Published: September 16, 2003
Robert Laurent’s “Drawing of a Dog,” with its sinuous line and smooth contours, evokes the feeling of furlike silk, warm and pliant to the touch. One almost expects this little hound to stretch and sigh in contentment. In Adolf Schreyer’s exotic “Arab Horsemen, Defeat and Hate,” a pair of magnificent stallions carrying wounded riders dominate the scene; one can almost hear their frantic snorts and the echoes of their headlong gallop.
These works, one intimate and one heroic in scale, come together in the Heckscher Museum of Art’s exhibit “All Creatures Great and Small,” on view through November 16. This exhibition, which is drawn from the Heckscher’s permanent collection, explores not only these two extremes, but also the myriad of ways in which animals have been depicted in art.
For Schreyer, a Nineteenth Century German artist, horses were part of the romantic tableaux he established in his stirring work, a vehicle for his bravado brushwork. Laurent, a modernist, was clearly drawn to the wonderful form of the sleeping dog, which he simplifies to great expressive effect in his drawing.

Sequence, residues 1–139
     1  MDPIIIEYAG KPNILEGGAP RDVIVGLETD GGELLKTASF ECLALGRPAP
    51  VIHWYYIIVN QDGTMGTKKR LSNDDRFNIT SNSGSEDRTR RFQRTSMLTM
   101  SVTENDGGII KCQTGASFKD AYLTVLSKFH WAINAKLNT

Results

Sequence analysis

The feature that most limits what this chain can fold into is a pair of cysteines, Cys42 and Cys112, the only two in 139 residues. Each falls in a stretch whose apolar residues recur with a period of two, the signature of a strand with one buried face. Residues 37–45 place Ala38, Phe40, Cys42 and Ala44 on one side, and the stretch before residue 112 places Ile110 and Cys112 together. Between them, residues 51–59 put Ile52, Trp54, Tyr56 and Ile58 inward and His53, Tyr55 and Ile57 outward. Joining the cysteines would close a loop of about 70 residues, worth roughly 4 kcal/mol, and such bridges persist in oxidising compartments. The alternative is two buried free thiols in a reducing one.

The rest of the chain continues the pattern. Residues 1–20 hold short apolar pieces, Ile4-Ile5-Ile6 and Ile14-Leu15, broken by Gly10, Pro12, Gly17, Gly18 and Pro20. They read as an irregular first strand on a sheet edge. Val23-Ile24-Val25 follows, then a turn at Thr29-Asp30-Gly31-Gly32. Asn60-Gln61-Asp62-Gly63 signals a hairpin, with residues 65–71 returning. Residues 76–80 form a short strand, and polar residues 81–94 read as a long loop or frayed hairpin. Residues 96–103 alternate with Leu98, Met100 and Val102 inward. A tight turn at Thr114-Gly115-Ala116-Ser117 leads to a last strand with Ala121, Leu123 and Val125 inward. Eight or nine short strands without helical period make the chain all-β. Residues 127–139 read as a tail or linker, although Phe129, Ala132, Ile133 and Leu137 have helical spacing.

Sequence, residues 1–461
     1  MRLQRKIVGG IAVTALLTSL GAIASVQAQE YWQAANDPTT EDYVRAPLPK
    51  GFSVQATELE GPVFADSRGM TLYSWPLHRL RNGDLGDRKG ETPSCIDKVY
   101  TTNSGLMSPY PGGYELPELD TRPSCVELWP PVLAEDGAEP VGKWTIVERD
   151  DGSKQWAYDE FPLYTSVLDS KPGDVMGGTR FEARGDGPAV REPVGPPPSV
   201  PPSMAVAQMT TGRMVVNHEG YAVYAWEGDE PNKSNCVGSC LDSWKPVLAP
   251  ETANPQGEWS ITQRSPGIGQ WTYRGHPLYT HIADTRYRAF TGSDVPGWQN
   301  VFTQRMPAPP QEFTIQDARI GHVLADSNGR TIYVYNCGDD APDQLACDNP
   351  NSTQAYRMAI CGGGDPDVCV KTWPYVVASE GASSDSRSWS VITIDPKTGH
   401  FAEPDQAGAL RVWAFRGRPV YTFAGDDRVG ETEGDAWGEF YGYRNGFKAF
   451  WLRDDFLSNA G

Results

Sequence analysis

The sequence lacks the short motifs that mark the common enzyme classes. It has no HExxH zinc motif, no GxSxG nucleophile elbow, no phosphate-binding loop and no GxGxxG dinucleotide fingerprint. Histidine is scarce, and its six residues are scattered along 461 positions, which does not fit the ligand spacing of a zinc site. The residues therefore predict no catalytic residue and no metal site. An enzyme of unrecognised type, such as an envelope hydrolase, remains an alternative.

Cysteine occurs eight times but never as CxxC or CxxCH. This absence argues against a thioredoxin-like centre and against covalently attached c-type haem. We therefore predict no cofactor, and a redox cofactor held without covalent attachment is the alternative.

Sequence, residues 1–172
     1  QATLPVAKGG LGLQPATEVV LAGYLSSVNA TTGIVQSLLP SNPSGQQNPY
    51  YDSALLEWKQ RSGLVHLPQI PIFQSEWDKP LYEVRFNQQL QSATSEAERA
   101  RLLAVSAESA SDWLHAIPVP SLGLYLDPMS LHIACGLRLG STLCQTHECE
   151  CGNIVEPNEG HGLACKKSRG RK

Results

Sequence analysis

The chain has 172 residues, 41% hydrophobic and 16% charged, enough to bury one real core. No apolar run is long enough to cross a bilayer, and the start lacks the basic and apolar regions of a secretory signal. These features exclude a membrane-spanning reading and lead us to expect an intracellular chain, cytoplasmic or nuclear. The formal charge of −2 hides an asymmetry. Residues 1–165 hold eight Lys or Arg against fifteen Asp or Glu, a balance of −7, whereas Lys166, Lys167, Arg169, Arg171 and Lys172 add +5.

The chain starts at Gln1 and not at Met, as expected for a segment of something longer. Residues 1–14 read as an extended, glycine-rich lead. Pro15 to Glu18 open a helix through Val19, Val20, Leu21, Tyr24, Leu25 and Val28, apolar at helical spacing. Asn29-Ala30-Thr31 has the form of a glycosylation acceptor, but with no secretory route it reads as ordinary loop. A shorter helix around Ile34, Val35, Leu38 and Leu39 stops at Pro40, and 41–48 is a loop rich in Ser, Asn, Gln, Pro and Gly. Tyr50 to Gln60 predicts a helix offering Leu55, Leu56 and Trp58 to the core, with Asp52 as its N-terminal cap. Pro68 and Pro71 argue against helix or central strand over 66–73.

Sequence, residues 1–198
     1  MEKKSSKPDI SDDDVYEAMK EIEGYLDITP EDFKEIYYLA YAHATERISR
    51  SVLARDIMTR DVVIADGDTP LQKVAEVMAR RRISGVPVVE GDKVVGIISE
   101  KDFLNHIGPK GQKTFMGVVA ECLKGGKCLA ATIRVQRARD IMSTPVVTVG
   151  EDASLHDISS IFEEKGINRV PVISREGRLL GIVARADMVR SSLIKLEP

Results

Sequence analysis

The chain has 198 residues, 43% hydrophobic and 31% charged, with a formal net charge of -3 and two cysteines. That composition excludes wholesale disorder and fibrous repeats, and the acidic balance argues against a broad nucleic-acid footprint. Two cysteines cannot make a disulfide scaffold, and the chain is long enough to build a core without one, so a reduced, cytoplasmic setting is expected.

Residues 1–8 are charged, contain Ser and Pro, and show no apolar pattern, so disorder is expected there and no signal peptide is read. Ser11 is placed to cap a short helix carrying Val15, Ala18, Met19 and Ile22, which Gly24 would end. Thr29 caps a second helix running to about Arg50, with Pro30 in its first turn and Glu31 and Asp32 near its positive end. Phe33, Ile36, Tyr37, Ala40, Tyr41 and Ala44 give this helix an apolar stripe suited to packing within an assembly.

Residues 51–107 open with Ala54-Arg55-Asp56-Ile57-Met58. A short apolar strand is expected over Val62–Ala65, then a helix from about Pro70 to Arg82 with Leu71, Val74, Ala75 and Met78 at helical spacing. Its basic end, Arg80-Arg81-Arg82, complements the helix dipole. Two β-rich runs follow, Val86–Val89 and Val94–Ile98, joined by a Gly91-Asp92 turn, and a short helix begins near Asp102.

William Holbrook Beard was a Nineteenth Century artist who specialized in humorous animal scenes that often grant furred and feathered friends human foibles. In “Give Up That Egg,” an abashed brown bear is caught in an act of thievery by an outraged goose. The Nineteenth Century sculptor Paul Wayland Bartlett, an American artist who studied and worked in Paris, takes a far more serious approach in his “Bohemian Bear Tamer,” a beautifully modeled bronze that helped to establish his artistic reputation.
Some of the other artists featured in the exhibition include: Thomas Hart Benton, George Grosz, William Zorach, Gifford Beal, Jean-Louise-Ernest Meissonier, Esphyr Slobodkina and Elie Nadleman.
The museum is at 2 Prime Avenue. For information, 631-351-3250.
5 Church Hill Road / Newtown, CT 06470
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